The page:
SAVVY saver Neil English loves getting a lather on in the shower – and a simple trick has helped him enjoy it for less by saving £110 a year on his bills.
On a mission to lower his energy bills, small business owner Neil, 45, has come up with a nifty way to save money while showering.
He turns the water off whenever he is washing his hair and giving himself a scrub – and his stay-at-home wife, Vicki Watson, 45, and step-son Cody, 16, do it too.
His six-year old daughter Connie is too young to follow the trick – but Neil says the whole family is making efforts to cut down their energy usage.
"We're the same as every family up and down the country – we've been discussing ideas on saving money on gas and electricity, as bills are skyrocketing out of control," he said.
"My £1,600 a year fixed tariff with Sainsbury's Energy comes to an end next month, and I received a shocking estimate that it will cost £5,400 to fix for one year.
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"That email quote kicked off the whole family talking about how to economise."
Neil estimates him, his wife and step-son spend roughly eight minutes in the shower on a day.
Each person saves around three minutes of water by turning it off.
Uswitch estimates that reducing your showering time by three minutes will save you 10p.
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That means the family is saving a combined total of £2.10 a week – which over the year adds up to £109.50.
"I think simple ideas are always the best – and this tip means you don't need to buy anything at all.
"All you do is switch off the shower when you're cleaning yourself."
It's not the only way he's saved money on his energy bills.
"The printer is switched of and the DVD player is off until required – they all drain electricity on stand-by," he said.
"I'll be turning the thermostat down too – that can save you £100 a year."
How else can you save money on your energy bills?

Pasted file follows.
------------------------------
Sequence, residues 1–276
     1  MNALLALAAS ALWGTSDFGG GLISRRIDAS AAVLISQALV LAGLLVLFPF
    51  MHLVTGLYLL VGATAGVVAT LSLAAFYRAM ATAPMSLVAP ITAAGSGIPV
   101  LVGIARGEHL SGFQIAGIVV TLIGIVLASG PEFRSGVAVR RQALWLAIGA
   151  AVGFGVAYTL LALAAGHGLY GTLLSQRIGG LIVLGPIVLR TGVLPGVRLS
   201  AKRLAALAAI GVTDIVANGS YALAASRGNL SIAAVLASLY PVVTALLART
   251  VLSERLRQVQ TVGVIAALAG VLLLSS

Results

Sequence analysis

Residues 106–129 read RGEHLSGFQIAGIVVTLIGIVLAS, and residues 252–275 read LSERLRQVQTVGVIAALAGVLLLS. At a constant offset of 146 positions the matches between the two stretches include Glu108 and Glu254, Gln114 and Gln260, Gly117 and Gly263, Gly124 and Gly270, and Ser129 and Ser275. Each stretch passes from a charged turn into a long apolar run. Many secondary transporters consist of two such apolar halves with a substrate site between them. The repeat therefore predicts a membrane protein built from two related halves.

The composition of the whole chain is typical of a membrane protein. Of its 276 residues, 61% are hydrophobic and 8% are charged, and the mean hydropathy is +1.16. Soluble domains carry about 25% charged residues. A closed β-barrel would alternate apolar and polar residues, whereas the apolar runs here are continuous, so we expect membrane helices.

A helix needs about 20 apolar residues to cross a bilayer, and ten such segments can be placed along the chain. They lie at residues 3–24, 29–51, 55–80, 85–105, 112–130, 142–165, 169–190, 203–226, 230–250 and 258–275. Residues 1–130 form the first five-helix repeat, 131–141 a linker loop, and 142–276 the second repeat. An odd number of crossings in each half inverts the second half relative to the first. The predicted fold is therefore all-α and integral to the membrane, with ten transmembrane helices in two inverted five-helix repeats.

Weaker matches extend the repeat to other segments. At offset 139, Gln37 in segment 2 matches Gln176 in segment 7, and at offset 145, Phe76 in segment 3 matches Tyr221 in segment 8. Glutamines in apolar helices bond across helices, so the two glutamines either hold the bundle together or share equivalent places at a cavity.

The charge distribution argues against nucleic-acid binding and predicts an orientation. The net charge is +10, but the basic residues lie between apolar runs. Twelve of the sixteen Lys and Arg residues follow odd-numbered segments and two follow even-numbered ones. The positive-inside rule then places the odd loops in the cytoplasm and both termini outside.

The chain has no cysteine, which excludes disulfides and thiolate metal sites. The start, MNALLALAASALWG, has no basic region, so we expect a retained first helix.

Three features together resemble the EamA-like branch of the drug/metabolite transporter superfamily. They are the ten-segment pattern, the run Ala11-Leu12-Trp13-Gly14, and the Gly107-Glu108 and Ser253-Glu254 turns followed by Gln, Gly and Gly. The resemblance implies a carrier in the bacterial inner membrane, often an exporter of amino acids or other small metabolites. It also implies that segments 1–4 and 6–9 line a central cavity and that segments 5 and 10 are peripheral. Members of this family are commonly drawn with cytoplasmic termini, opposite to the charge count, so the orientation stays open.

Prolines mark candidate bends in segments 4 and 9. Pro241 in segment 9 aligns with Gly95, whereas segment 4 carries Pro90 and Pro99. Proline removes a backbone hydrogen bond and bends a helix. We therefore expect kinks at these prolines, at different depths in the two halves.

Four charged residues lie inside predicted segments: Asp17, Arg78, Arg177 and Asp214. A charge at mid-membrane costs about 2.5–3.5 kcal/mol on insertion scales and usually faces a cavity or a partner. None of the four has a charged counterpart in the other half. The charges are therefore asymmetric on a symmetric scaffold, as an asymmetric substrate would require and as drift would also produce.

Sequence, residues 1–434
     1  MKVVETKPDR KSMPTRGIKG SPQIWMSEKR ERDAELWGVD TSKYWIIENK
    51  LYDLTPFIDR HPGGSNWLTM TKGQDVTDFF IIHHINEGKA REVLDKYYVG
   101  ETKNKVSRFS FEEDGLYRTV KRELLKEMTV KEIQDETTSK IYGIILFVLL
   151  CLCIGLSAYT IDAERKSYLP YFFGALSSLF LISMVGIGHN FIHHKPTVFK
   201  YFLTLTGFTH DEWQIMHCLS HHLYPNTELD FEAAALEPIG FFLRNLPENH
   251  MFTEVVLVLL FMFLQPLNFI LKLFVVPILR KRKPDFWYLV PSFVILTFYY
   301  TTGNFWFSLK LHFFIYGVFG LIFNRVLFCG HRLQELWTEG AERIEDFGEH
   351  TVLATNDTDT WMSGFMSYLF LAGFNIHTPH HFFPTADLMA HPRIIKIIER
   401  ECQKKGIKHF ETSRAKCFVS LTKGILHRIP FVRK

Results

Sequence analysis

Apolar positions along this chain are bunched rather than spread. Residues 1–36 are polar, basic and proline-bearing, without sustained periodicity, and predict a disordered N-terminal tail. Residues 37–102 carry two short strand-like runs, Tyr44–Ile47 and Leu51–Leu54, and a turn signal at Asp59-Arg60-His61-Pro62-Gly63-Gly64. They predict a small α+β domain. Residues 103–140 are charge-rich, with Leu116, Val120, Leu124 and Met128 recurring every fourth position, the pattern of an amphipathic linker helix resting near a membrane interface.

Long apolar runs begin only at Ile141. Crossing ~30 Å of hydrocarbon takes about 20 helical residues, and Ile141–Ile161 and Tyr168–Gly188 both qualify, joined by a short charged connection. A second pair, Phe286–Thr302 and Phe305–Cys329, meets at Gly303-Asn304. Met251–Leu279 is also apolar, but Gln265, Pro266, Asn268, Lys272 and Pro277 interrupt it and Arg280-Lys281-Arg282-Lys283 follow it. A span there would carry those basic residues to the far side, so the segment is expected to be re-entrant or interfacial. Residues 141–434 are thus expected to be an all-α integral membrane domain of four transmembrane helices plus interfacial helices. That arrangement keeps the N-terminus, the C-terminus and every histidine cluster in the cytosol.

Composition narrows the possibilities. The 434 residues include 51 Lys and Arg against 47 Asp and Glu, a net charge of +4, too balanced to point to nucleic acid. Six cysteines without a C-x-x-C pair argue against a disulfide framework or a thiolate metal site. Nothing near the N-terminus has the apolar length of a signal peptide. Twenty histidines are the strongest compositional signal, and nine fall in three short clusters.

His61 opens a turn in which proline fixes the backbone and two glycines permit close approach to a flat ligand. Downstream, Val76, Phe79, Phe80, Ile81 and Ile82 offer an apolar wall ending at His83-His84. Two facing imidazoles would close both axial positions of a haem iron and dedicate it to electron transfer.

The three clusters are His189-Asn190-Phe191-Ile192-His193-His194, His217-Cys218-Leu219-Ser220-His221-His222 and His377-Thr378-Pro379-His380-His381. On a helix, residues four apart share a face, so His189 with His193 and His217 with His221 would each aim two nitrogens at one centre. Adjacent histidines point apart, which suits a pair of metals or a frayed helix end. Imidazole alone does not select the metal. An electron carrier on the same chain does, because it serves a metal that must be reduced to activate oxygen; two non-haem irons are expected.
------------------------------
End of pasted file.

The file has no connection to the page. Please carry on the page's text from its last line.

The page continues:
Tumble dryers are one of the biggest energy guzzlers, costing around £1.27 per cycle, according to Uswitch.
Turn it off at the switch and use a clothes horse instead to dry your clothes for free.
While properly draught proofing your house can save £45 a year – you can use old socks and towels to put up against your door.
Checking your boiler settings could save you £95 a year – switch off the "comfort" mode and turn the flow temperature down.
Smart meters can shave £65 a month off your energy bills.
Washing your clothes at 30 degrees instead of 40 could save you another £12.
You can also get help for your energy bills too.
Energy suppliers offer cash grants to those hardest hit by bills rises.
British Gas has recently confirmed that it'll pay its most vulnerable customers grants worth up to £750 to help with rocketing bills.
Payments for the £150 Warm Home Discount scheme should begin from December.
Check here to see if you're eligible for the help – you can get it if you claim certain benefits.
If temperatures plummet below zero, those in low income households can get a £25 payment.
The payment is made automatically, including to those on Universal Credit, for each seven day period of low temperatures between November 1 and March 31.
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